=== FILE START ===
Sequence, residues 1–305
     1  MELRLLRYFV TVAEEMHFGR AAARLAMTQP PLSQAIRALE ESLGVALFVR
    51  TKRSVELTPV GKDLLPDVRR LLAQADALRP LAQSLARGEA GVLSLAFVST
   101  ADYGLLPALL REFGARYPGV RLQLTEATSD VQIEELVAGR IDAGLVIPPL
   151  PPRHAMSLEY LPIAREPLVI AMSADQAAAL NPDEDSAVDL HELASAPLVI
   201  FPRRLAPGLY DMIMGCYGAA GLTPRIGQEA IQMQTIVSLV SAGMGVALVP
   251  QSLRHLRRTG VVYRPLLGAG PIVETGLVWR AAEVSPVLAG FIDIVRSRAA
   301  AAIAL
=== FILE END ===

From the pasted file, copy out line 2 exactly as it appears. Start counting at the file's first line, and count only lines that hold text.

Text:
     1  MELRLLRYFV TVAEEMHFGR AAARLAMTQP PLSQAIRALE ESLGVALFVR